We never have all the information, even for healthy players. We make educated guesses about game plans and the opponent's capabilities on defense, among other things (Magic 8 Ball, for instance), but we can't know. When NFL players return from lengthy absences, they only complicate matters.
How do you decide whether to play these two?
TE Rob Gronkowski, New England Patriots
Gronk: ready to throw down?
The media has dwelled on Gronk's dwindled muscle mass since the spring. He's reportedly improved that aspect of his conditioning since. Journalists have observed a difference. That's encouraging, but by how much?
Think about some of the plays you're used to seeing Gronkowski make: when he shields a defensive back or three from Tom Brady's window; when he outmuscles two defenders in the red zone or end zone; or when he sheds a linebacker's attempt at an arm tackle to gain a bunch of yards after the catch.
Gronk's instincts will take over on those plays, but his body wouldn't have quite the same level of response if he were short of 100 percent strength. That could lead to a pretty disappointing day, fantasy-wise. And it's not easy for players to gain weight in-season.
Gronk may very well be among the Week 4 inactives. Despite a deceptively tough matchup -- against the Atlanta Falcons -- fantasy owners can consider him a strong play if he's not. They're putting faith in oft-ambiguous Bill Belichick, but the Pats have given the sense that they won't let the tight end take the field until he's pretty much at full force, at least.
RB Le'Veon Bell, Pittsburgh Steelers
The view through the frames of Bell owners' specs appears to be pretty rosy. The rookie from Michigan State is scheduled to debut a couple of weeks or so sooner than expected. He's reportedly dazzled teammates with his combination of size, strength and agility. On tap: the Minnesota Vikings, who have given up loads of fantasy points to running backs in their first three games.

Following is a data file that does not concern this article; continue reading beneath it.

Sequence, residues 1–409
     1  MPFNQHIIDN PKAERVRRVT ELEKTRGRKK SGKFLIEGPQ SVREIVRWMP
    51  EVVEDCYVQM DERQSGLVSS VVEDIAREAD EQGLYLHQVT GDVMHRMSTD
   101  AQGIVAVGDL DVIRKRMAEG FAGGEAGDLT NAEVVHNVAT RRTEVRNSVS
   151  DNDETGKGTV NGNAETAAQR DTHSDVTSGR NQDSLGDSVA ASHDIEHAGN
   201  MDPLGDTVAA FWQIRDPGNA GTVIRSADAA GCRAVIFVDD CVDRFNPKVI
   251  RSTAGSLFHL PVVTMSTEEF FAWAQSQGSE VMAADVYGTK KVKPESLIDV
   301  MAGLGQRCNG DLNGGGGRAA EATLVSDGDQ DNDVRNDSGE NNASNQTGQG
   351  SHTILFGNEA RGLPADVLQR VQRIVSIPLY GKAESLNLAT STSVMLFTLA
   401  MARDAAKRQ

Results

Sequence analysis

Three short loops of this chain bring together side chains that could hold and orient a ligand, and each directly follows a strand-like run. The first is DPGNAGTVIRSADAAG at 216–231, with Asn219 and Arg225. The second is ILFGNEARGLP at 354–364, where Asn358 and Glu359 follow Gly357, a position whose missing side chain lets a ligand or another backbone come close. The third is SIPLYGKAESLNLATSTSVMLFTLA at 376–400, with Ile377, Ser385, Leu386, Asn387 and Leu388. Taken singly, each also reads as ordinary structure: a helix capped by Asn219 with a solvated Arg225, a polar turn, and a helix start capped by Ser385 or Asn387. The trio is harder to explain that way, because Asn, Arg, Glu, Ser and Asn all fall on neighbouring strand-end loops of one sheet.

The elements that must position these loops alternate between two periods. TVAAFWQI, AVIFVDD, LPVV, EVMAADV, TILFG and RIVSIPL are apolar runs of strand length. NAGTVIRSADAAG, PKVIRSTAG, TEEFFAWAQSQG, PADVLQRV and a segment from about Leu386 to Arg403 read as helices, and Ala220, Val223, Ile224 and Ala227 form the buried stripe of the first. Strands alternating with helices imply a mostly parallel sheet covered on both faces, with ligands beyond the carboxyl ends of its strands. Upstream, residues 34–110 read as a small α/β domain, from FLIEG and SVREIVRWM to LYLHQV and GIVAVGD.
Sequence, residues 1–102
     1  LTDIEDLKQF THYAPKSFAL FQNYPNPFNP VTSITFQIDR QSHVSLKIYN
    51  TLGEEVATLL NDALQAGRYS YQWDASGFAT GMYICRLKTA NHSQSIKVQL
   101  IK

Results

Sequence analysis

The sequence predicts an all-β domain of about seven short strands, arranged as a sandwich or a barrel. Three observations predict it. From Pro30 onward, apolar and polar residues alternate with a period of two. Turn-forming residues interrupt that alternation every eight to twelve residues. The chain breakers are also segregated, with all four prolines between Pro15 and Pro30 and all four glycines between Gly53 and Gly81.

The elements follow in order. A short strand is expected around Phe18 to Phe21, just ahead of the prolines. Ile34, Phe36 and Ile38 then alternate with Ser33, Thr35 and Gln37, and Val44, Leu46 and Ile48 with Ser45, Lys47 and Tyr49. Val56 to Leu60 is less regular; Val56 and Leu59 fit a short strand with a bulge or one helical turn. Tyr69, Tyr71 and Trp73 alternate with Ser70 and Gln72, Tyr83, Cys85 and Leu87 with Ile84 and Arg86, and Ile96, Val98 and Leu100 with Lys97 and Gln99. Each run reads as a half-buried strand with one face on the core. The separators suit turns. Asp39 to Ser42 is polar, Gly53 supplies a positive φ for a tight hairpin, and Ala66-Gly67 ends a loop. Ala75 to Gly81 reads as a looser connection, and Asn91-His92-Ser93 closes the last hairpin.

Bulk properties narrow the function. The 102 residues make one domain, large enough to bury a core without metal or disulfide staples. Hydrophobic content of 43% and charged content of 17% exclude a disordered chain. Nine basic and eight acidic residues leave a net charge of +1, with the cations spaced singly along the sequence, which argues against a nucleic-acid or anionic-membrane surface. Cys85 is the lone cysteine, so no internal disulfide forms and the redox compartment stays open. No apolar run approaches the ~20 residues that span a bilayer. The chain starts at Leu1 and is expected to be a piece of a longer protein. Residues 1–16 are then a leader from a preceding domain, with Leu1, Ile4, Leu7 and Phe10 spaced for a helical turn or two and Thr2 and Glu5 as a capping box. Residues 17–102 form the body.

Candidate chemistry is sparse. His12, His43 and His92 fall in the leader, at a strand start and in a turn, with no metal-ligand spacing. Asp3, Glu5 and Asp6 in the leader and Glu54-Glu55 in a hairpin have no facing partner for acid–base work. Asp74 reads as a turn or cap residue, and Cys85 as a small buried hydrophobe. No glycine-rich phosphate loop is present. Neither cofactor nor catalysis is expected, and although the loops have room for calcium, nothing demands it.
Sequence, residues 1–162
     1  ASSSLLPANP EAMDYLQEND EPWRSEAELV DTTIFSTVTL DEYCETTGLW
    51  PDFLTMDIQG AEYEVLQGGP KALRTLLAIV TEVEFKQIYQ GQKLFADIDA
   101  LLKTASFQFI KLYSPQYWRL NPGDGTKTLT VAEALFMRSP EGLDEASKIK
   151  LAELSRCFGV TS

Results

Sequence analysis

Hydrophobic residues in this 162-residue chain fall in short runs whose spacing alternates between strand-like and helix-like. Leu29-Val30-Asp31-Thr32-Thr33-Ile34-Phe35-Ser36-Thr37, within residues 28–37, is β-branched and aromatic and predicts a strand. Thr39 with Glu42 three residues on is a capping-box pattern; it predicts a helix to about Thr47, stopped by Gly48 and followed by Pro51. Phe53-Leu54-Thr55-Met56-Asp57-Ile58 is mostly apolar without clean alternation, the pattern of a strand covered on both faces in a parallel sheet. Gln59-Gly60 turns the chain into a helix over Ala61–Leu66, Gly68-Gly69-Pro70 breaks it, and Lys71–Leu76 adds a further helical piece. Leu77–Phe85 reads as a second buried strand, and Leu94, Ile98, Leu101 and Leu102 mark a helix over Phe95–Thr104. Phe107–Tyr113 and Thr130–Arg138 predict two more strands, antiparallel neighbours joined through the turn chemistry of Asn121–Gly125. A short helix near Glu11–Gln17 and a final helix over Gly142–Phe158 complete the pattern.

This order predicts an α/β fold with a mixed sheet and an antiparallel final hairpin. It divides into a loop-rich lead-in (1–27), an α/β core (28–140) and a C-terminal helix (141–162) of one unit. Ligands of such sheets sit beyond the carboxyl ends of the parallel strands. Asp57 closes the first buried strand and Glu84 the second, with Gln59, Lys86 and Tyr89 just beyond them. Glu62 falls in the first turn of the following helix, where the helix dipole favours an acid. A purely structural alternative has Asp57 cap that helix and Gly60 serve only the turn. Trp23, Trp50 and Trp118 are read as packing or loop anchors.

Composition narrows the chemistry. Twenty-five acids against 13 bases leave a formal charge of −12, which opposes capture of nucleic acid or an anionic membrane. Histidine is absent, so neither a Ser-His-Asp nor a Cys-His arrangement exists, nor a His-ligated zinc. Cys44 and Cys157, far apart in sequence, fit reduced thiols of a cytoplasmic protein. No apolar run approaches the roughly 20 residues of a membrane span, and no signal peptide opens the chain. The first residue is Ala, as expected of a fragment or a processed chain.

Bell: able to be bell cow?
Wait, Bell has already recovered from a Lisfranc sprain? I just can't shake the idea that this typically isn't such a forgiving injury, even if his was very mild. The chances of aggravation are normally good, too.
Oh, also, he's played in only one NFL contest -- a preseason game in which he carried the ball four times for nine yards against the heretofore unimpressive Washington Redskins. He's supposed to be a great blocker, but he hasn't had to pick up a legit NFL blitz yet. "Practice" and "game" -- two different animals. Just ask The Answer.
Few things shock me these days. Bell may rush for 150 yards and two TDs against the Vikes. He may play in 13 games and set franchise rookie records. That, or anything close, would be "surprising," though, from my perspective. What would someone give you for him in a trade, while vibes are positive?
By the way, most of the damage RBs have done to Minnesota came from the Reggie Bush-Joique Bell combo in Week 1, when defensive tackle Kevin Williams was inactive. Williams still isn't 100 percent, but he returned to action in Week 2, when Matt Forte carried the mail against that unit.
In the wake of the Trent Richardson trade, the Cleveland Browns' band of misfit rushers didn't do jack against the Vikings.
Which of those crews is more like the Steelers'? Is Bell really in the kind of shape required to separate himself from Jonathan Dwyer so soon?
About Nicholas Minnix
Minnix is baseball editor and a fantasy football analyst at KFFL. He plays in LABR and Tout Wars and won the FSWA Baseball Industry Insiders League in 2010.
The University of Delaware alum is a regular guest on SiriusXM Fantasy Sports Radio and Baltimore's WNST AM 1570.
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